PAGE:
"Another hand engine was bought in 1861 and is the hand pumper we still have as a relic. When new it cost $920.
"Steam fire engines now began to appear, and after a lot of argument a Silsby Rotary Steamer was purchased for $6800 on terms of $850 cash and $1,200 per year for five years. This steamer was called 'the Belle of the West.' "This outfit arrived Monday evening, Feb. 19, 1872. Its first real workout on a fire was the old town Hall and Congregational Church, when it was in operation pumping water for 10 hours.
"Later on, in the 90's, another steamer was purchased which we of today remember. What became of the Silsby Rotary no one knows.
"Then came the water works, and the steamer was not needed much. It was stored in the rear of the Washington Hall and later (much to my regret) it was sold for the pitiful sum of $150.
"We still used the old hose reels for our hose. Then onward with the times, we got a team of horses (Frank and Tom) which was used on the streets to collect ashes and upon an alarm of fire would be driven to the firehouse, where we would unhitch and re- hitch to the hose wagon and rush to the fire. (No weeds grew under our feet.)
"Later on, two motorized outfits were purchased. One was a chemical outfit, and the other a pumper outfit. Then, as the demand grew with more houses being built and more inhabitants, a more up to date Ahrens-Fox pumper was purchased.
"In 1947 the Lebanon Council, knowing our needs, purchased a new high-pressure fog outfit for us. This is one of the latest in fire fighting equipment and has reduced the water loss at fires 500 per cent.
"We bought a resuscitator and inhalor (between $300 and $400) which is subject to call anywhere in the county. This used Oxygen which we have been using our money to buy. We also have a Scott Air Pack, a tank holding 1600 pounds of air. We can go into smoke or under water for 30 minutes. This we also bought with our small savings account.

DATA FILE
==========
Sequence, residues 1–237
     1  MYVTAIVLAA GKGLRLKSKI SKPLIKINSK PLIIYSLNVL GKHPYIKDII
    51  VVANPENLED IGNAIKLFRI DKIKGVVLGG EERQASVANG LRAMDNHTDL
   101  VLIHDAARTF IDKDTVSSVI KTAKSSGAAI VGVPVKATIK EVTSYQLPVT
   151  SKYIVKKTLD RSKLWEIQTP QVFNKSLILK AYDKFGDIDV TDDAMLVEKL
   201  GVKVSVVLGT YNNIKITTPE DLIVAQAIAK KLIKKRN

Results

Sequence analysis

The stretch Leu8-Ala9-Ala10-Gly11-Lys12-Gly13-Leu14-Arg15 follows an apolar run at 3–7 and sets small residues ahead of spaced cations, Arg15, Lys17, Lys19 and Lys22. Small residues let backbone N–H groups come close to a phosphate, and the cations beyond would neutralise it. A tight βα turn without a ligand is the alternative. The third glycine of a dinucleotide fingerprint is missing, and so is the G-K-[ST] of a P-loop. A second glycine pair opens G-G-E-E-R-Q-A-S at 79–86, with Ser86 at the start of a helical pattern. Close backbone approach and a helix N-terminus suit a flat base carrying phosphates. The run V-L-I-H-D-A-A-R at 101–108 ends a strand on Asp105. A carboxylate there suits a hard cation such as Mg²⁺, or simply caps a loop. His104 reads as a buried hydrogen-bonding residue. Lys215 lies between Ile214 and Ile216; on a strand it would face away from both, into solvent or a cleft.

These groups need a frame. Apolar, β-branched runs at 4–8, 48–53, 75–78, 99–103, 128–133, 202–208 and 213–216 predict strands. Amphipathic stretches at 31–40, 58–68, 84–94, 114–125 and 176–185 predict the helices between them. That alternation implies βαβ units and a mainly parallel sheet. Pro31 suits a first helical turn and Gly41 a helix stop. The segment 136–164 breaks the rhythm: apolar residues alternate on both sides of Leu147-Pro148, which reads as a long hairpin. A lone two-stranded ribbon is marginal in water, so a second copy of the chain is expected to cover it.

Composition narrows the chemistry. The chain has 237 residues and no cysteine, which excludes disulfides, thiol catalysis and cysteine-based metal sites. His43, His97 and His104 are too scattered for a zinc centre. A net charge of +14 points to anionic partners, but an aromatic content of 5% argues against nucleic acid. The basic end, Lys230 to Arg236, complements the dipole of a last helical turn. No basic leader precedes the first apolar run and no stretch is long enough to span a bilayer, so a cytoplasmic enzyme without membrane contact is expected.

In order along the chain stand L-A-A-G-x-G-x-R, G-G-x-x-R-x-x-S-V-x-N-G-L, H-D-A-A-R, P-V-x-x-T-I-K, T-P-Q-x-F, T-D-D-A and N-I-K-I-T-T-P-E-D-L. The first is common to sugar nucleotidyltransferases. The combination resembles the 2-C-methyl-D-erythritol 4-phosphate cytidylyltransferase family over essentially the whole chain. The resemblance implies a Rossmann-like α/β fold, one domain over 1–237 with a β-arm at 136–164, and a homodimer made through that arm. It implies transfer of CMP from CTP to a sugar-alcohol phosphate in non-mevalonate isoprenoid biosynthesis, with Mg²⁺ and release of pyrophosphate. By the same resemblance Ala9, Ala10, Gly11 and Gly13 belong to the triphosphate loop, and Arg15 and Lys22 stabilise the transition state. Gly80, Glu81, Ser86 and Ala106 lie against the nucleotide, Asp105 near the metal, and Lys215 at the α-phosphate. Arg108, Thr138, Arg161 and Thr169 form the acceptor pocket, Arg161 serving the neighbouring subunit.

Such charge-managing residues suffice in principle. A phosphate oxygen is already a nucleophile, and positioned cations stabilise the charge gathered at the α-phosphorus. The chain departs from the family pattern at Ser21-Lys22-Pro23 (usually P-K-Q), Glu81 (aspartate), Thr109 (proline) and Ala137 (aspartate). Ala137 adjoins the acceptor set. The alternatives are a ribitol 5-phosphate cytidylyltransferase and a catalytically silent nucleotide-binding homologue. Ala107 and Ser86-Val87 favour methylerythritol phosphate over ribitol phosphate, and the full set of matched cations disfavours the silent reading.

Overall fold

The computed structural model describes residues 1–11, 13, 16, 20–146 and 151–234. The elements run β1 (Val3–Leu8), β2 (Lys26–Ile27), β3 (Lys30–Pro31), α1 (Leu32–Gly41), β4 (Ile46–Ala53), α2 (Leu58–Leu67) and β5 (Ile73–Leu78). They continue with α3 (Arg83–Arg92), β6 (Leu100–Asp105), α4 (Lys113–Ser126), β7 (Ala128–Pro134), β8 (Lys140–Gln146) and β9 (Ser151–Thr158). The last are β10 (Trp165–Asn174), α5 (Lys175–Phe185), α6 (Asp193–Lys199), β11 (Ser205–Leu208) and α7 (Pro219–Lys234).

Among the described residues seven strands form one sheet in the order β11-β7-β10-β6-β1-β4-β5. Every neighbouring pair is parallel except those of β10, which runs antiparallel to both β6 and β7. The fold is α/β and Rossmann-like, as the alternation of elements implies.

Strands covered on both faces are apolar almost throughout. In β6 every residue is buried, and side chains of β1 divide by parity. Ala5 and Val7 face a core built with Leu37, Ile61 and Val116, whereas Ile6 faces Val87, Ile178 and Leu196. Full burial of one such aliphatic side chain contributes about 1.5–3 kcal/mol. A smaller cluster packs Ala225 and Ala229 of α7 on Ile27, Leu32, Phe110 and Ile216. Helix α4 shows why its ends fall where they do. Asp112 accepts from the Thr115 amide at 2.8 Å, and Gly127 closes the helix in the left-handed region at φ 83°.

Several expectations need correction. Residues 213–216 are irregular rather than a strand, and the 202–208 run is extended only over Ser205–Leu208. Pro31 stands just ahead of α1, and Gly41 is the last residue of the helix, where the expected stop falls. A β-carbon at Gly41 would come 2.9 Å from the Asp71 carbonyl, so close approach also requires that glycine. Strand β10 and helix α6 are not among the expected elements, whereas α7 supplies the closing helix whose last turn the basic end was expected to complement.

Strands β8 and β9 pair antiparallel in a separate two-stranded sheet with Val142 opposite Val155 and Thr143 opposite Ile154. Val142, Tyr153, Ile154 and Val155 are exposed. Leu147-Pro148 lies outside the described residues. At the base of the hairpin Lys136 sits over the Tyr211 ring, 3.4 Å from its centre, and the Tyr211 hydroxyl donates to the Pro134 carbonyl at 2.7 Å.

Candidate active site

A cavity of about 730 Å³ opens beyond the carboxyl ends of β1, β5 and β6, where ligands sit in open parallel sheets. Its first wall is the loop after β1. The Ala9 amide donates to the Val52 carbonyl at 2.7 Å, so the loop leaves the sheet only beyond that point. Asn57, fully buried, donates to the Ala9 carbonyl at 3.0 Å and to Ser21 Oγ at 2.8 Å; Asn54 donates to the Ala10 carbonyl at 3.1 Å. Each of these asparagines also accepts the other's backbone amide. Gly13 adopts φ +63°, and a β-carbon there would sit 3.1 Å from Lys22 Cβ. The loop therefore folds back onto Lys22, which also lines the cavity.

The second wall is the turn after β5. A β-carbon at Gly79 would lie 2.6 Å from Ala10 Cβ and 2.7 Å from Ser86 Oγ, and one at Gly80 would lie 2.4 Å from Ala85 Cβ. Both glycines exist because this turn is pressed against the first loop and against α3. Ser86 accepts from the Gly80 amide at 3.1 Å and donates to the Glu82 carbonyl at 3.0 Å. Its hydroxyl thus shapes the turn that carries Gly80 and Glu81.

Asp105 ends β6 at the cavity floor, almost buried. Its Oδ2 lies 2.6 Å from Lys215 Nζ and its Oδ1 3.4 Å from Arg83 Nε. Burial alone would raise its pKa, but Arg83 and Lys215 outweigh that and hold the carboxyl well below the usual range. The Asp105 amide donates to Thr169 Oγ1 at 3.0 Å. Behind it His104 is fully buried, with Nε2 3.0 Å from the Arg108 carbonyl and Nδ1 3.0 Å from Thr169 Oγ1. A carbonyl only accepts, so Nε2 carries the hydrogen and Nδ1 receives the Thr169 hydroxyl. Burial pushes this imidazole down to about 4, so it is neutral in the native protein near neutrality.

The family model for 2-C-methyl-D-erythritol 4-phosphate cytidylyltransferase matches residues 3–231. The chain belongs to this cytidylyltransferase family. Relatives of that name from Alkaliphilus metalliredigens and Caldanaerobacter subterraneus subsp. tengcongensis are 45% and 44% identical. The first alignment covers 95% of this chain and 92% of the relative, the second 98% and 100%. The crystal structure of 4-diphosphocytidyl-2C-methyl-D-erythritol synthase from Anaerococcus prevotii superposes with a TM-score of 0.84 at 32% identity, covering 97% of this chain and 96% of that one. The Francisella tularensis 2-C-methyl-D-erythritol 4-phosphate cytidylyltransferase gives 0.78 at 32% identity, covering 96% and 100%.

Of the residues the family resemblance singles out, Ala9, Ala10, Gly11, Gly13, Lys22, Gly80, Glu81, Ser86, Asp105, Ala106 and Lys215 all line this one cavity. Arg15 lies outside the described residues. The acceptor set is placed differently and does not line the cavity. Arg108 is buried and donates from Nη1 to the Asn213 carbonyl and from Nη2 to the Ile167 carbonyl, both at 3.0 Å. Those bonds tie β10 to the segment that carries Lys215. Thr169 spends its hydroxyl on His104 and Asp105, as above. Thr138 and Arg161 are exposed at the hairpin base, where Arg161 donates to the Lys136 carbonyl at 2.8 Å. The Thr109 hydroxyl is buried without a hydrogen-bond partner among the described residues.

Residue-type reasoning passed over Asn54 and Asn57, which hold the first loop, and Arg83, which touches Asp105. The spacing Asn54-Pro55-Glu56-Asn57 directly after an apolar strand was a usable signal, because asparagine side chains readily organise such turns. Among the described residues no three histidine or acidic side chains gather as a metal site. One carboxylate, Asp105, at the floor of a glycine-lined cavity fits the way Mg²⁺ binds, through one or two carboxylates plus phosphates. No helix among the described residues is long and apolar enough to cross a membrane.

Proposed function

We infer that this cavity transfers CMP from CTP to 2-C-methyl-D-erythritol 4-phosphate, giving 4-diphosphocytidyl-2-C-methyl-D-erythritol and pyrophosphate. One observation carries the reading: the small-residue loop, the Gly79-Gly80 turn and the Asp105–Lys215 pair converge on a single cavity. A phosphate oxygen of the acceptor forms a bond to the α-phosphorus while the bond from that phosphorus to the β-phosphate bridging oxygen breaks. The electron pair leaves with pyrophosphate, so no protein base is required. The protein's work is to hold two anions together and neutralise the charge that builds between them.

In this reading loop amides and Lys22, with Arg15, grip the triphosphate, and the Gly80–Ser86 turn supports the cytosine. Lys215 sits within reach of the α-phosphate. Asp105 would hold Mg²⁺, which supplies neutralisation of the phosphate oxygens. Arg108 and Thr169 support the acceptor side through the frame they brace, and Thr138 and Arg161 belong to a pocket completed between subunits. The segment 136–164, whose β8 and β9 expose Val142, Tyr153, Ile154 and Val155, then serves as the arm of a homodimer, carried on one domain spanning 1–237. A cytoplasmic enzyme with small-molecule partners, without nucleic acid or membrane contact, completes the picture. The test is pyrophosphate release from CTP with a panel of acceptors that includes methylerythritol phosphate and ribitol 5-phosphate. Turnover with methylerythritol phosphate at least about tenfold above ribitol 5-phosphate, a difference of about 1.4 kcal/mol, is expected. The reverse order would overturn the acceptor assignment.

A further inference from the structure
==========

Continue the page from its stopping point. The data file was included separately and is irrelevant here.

"In conclusion, Lebanon is very well equipped with fire equipment and a loyal crew of fire fighters, and needs the wholehearted cooperation of every citizen in Lebanon."
Did you know that in 1818 Lebanon had two sets of town trustees? That's right
- two! In the spring of that year two sets of town trustees claimed to have
been elected. Both sets executed the duty of government and both passed an ordinance
"regulating the markets." J.F. Moore, William
Ferguson, Samuel Minton, Samuel Sering,
John Hart and Benjamin Rue composed one board.
The members of the other board were not identified. The above-mentioned men
passed an ordinance stating that the power of municipal government was almost
absolute. The ordinance appointed market days and places where markets should
be held, and prohibited the holding of them on any other day or at any other
place. Wednesdays and Saturdays were made market days by this ordinance.
On Saturday the market was to be held at the upper market house on Silver and Mechanic Street (the location of old Memorial Hall) on Wednesday at the lower market house on Broadway south of Main Street.
It was made unlawful for any person to sell or purchase at any other place on those days the articles exposed for sale in the markets under penalty of forfeiting four times the value of the article bought of sold - the buyer and seller to pay each half the penalty. The opposition board passed an ordinance in direct conflict as to times and places. No direct results of the matter have ever been determined.
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This page created 14 September 2004 and last updated
28 September, 2008
© 2004 Arne H Trelvik All rights reserved